How do you balance Hammer’s pedigree of personal, character-driven stories with the spectacle of today’s horror?
I think that movies find their own feet in a sense, and I think The Resident, for example, is a commercial psychological thriller. I think Let Me In is interesting because it’s Stand By Me meets The Exorcist.
It’s got art house credentials but it’s got a commercial filmmaker (Matt Reeves) at its helm, and it’s also got a great story. But it’s a character-driven story, like the Hammer films of old, but with an extraordinary central premise at the heart of it, which is that she’s a vampire. And it’s very touching story as well.
I’m curious to know about Christopher Lee in The Resident. Is it just a cameo or is he actually doing a role?
It’s a cameo. Chris plays Jeffrey Dean Morgan’s grandfather. I said, ‘We’ve got to get Christopher to be in the first Hammer picture in 35 years or something like that. He’s called August, and it’s a small part, but it’s not stunt casting. It’s a proper part. I don’t want to give it away, but the reveal when you first see him is fantastic. People are going to go crazy, particularly in England.
He got knighted (while he was doing the movie) It was announced to the English press eight hours beforehand, and Christopher was in the States. So he was asleep, then when he woke up he had champagne and chocolates (from us) and he was like, ‘What’s going on here? Are they trying to pay me less?’ We all knew because we were eight hours ahead (in England) – it was fantastic.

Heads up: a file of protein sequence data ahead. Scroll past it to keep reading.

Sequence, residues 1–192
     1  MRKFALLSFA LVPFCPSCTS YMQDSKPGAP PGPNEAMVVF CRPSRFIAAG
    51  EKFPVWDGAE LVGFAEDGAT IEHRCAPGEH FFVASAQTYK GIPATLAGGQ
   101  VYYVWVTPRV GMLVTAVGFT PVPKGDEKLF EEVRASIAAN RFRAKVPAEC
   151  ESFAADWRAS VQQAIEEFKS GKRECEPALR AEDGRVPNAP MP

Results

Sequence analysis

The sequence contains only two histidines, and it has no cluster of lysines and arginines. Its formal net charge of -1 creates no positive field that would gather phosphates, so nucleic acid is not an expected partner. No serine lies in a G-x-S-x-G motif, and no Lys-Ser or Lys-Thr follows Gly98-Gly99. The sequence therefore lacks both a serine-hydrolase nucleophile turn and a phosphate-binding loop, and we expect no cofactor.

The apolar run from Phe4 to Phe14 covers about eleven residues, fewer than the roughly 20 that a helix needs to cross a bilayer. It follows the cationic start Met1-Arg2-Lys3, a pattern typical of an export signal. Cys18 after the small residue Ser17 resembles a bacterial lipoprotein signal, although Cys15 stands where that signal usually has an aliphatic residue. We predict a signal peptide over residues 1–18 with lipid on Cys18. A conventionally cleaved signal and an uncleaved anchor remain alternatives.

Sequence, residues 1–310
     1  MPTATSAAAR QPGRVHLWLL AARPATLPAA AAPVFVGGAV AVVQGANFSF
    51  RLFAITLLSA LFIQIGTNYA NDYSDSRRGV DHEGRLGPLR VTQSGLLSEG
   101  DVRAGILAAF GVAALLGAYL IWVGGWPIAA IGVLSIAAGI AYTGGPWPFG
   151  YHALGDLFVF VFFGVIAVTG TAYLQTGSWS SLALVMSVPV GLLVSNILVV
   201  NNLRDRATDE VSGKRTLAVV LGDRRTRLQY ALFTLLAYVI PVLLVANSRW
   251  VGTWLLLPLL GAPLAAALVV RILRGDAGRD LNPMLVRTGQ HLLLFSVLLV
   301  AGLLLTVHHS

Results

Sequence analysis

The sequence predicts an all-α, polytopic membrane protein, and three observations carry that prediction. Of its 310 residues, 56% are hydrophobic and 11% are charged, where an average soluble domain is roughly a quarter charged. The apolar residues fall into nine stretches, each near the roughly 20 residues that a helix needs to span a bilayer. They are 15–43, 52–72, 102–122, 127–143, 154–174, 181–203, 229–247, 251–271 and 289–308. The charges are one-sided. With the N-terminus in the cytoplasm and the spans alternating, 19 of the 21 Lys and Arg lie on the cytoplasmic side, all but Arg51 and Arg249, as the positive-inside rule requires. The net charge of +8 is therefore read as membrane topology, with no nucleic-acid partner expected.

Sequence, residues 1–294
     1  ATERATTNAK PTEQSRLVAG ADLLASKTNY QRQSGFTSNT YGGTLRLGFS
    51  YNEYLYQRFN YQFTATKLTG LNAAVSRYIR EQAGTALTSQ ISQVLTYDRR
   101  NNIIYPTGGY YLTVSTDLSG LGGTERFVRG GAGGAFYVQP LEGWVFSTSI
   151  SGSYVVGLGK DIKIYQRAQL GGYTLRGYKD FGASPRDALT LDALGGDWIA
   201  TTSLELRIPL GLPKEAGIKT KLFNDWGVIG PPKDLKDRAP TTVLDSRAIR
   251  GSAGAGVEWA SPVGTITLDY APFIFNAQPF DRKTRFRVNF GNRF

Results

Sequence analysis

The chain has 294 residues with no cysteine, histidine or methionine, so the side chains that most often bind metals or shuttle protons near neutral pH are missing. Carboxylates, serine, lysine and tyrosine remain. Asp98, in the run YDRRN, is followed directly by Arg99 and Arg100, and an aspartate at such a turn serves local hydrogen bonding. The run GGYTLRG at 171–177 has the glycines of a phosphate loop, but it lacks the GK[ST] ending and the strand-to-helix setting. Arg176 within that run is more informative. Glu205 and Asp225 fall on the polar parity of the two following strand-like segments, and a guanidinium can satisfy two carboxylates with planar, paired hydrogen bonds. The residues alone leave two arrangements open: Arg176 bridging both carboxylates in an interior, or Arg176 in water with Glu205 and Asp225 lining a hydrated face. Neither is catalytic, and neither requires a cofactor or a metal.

You have with Chris this huge audience across the globe, especially in the UK. And then with Hilary (Swank), an American actress, you have the US audience. Is there a consideration of moving back and forth between both camps?
No, honestly, there is not. The story came to us as a spec with Antti Jokinen direction, who is a Fin, and me being a Brit and then we shot the film in America. It’s set in New York. New York is the best setting you can possibly want for a thriller like that, that is very contained.
We wanted to put a marker down of how serious we were about what we are trying to do in rebooting Hammer by getting a double-Oscar winning actress to be in a thriller like this.
What do you think of the state of mainstream horror? What’s lacking?
God, I hate questions like that (he laughs). My truthful answer to that is that I think it’s wrong for me to publicize my view about it. It’s just my personal view. What I do know is what we’re trying to do. We are trying to reboot, recreate, kick-start the studio again. Make the movies in the U.K.; make the movies in the U.S., make movies wherever we need to make movies. We’ve got deep-pockets for development.
So we’re not just buying spec scripts or buying books, or buying finished or half-finished products. We can really start from the ground upwards.